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An Honest Self Assessment For Aspiring Professional Detailers


This is for any auto detailer who is serious about starting a business in professional detailing.

I believe it is important for you to ask yourself an important question. “Am I pursuing entrepreneurship as an escape from my problems in the workplace or as a pursuit of something I feel a passion for?”  If you see operating a detailing business as more of an escape, it is very likely your frustrations will follow you and manifest itself in your business. It is a precursor to failure.  For those who have exhaled because detailing is your passion, I caution you to re-read the question.  “Am I pursuing entrepreneurship as an escape..?”  A major dilemma for many professionals in this industry is our motivation to start a business came as a consequence of our auto detailing skill set not our business acumen.

portrait 1

Many auto detailers can relate to this story.  You were that one guy that was always seen taking care of your car.  You got the comments “It’s just a car!”  “You are a little extreme.”  “My car next!”  “But seriously, how much for my car?!”  Many of us started detailing for money because we were the recognized and distinguished car care guru of our neighborhood and workplace.  No one saw us polishing a car and said “you look so business savvy with that machine.”  But you can not separate the two.  Our ability to run a business generally determines our success.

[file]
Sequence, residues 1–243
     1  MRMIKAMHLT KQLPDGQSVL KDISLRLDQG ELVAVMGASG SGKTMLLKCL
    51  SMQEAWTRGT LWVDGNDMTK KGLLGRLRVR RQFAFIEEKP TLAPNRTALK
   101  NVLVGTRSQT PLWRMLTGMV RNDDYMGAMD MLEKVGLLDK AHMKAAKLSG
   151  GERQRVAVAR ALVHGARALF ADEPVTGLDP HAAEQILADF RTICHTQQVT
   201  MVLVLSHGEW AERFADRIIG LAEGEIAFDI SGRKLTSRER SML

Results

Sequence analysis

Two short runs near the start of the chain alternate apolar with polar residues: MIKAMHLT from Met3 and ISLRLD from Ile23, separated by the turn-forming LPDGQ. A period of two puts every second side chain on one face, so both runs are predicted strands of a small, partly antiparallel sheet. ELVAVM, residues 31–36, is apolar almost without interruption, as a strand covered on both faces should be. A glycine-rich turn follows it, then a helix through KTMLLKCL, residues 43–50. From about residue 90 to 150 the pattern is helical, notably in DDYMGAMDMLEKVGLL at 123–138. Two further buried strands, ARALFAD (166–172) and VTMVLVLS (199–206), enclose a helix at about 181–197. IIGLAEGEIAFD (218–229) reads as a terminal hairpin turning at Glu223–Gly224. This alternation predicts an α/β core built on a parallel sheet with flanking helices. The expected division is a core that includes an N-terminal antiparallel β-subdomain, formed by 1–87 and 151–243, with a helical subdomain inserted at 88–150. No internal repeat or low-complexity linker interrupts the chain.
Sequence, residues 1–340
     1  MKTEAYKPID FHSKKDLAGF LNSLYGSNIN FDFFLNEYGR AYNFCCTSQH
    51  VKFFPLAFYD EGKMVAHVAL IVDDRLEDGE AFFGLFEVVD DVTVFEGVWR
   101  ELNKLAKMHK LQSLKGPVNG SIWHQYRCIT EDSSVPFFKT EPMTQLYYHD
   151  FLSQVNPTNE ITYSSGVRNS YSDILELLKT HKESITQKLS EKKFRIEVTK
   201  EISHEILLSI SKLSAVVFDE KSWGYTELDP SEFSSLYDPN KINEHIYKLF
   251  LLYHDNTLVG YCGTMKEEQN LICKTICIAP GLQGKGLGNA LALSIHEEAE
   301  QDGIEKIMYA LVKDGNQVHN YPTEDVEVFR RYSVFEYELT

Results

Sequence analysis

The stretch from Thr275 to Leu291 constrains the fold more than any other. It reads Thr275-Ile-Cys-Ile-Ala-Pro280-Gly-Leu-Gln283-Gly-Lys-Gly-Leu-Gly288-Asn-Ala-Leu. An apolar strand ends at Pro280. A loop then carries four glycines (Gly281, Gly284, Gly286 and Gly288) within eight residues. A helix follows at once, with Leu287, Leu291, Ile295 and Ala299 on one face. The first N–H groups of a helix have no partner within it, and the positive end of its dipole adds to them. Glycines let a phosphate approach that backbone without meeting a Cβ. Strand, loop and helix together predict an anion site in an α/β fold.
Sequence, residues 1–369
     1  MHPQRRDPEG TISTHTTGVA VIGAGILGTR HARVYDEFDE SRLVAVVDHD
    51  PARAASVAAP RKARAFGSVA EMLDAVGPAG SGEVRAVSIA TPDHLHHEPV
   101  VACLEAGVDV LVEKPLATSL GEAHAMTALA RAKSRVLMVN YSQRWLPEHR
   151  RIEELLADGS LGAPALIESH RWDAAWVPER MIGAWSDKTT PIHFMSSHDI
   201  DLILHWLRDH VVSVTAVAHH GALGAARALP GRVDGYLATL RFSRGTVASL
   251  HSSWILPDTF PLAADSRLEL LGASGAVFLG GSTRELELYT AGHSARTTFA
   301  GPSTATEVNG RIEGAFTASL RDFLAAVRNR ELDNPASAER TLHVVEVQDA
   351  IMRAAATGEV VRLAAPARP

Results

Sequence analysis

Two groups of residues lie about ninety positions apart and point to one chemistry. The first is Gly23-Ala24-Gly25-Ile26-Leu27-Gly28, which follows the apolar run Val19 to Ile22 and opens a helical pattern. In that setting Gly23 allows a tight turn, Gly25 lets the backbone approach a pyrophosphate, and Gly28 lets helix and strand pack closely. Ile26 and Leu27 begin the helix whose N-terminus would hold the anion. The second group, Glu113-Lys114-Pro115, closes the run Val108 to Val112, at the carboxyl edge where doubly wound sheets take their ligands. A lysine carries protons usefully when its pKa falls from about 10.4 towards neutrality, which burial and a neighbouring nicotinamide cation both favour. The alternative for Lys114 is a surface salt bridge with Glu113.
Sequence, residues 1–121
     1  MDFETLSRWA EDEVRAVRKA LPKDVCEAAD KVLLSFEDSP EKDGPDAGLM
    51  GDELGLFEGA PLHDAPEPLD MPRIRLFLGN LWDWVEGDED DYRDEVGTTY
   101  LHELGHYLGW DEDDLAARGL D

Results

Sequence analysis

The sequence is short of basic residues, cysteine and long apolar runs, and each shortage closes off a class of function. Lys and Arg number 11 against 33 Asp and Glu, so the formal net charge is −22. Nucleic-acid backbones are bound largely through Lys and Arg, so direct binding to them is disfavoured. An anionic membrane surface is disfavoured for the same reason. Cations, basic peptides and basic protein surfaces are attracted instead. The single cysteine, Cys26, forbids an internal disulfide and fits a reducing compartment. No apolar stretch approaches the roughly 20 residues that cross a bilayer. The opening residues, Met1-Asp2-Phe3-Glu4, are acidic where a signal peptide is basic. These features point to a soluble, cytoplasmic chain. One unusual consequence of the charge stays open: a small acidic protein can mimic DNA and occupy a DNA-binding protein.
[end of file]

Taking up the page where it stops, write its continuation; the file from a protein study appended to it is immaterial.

I put months of thought into my decision to start my business.  I created a plan, expected trials, and have no regrets starting a business.  Still, I have had moments of angst. When I feel frustration, I will often evaluate myself in three different areas.

  • A Flexible Plan
  • Business Leadership
  • Your Health

A Flexible Plan

I believe in developing a clear but flexible business plan.  Writing down who you (business) are is vital to a great marketing plan.  One area I worked hard at improving on was making my business congruent to my vision.   I made several significant improvements to my business marketing strategy just from having a clear picture of what I want.  Objectifying how I stand out from other businesses gave me a great blueprint for success.

Business Leadership